One evening, Sam and Gilly are reading as usual. She reads the journal of High Septon Maynard, who was in office during the reign of King Aerys II. Sam only wants to learn how to defeat the Night King, and so he isn’t particularly interested in how many windows the Great Sept of Baelor used to have or how often the High Septon went to the privy — and so he misses the great moment when the love of his life discovers the most important information in Thrones history: that Rhaegar Targaryen had his marriage to Elia Martell annulled to marry someone else instead, in a secret ceremony in Dorne.
In any case, Sam has had it with sitting around in Oldtown, away from all the action. And so he goes on one final raid into the library, and then he, Gilly and Sam jr. leave the city to go back north.


Jon’s crew arrives at the eastern end of the Wall to go on their suicide mission. They not only meet Tormund who is the commander of the castle, but also the Hound, Beric Dondarrion and Thoros of Myr who have arrived there to help with the war against the White Walkers. Tormund is keeping them in a cell, but after some banter everyone agrees to go on the raid. Jon makes the most important remark: “We’re all on the same side: we’re all breathing.” And so they set out into a raging blizzard, quite a motley crew, the Magnificent Seven, no, Eight, of the Far North.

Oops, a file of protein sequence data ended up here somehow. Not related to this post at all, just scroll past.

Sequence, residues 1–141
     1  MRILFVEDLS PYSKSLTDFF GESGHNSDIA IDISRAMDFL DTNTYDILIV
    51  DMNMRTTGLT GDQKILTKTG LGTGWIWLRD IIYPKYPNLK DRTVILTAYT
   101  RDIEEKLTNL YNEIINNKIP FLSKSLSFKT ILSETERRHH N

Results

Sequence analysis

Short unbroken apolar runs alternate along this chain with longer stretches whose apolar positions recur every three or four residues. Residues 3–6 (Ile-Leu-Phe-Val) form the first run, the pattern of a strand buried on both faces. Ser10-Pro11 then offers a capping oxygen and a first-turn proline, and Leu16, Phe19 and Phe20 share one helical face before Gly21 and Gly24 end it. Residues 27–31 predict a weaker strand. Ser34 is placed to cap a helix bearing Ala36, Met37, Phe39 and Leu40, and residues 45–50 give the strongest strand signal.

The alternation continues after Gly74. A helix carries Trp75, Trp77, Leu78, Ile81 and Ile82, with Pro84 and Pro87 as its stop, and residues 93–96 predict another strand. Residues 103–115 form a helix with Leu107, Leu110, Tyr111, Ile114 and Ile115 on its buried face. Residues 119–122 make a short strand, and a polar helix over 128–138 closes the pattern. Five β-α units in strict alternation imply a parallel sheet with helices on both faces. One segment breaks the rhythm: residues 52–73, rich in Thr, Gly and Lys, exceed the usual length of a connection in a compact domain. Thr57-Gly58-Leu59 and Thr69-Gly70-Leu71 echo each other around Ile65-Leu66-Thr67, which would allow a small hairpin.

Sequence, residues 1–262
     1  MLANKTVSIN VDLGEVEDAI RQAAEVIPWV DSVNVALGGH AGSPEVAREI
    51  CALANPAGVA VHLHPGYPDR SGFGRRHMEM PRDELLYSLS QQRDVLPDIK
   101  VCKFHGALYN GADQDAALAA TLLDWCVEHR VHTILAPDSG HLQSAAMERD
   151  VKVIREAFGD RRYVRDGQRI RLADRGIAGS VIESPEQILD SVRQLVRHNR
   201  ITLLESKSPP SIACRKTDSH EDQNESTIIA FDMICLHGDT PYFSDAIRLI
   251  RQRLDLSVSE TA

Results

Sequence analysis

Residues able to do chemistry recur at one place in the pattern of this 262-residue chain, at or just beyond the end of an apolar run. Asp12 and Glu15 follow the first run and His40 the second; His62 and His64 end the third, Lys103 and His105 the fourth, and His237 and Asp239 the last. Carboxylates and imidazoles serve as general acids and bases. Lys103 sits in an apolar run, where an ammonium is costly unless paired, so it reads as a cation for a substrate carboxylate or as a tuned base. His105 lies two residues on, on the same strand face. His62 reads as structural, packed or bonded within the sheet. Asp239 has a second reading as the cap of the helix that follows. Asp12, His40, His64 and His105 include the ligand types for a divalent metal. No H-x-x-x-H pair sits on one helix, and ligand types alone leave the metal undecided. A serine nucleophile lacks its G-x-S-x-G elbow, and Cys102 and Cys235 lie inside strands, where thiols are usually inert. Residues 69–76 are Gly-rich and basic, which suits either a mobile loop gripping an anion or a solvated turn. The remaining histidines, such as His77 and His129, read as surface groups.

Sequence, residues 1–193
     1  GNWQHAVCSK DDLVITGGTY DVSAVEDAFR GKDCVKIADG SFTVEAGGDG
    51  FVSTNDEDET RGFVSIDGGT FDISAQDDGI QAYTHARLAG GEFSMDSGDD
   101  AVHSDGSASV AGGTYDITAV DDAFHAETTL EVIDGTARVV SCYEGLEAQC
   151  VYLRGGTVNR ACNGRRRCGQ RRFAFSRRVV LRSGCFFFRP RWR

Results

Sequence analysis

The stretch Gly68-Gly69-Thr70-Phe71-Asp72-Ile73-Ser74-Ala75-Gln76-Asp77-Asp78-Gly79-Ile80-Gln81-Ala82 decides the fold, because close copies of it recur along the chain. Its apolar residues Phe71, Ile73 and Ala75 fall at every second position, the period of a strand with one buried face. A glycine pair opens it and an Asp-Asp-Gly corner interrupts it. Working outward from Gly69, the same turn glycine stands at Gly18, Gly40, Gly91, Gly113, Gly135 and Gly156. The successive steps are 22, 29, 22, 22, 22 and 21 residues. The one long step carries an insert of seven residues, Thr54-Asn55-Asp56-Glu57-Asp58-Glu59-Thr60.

• Many people have complained that Daenerys’s burning of the Tarlys was just as bad as what her father used to do. But let’s face it: if Alys Karstark or Ned Umber had refused to bend the knee to Jon, he would have been forced to execute them, too. He would have beheaded or hung them for want of a Dragon (who really seems to like him, doesn’t he?), and the method of execution is a mere technicality.
  • Speaking of Jon and Dany: they’re growing closer to each other by the hour; at some point, Jon was even shocked when he caught himself staring at her once again.
  • So Cersei is pregnant? Until now, the prophecy was right in everything, and it said that she would only have three children. So there are three possibilities: she lied to keep Jaime going, she will have a miscarriage or she won’t survive the next nine months.
  • Gilly’s discovery means that Jon Snow is a) not a bastard, but the true born son of Rhaegar and Lyanna Stark, and b) the rightful heir to the Iron Throne in the original Targaryen line of succession. Of course Ned, who must have known that, took the secret to the grave with him because his innocent nephew’s life was of course much more important to him than the defenceless baby’s theoretical claim to the throne. Besides, with the Mad King’s death, the Targaryen reign was over for him — he accepted and supported his old friend Robert as the new King.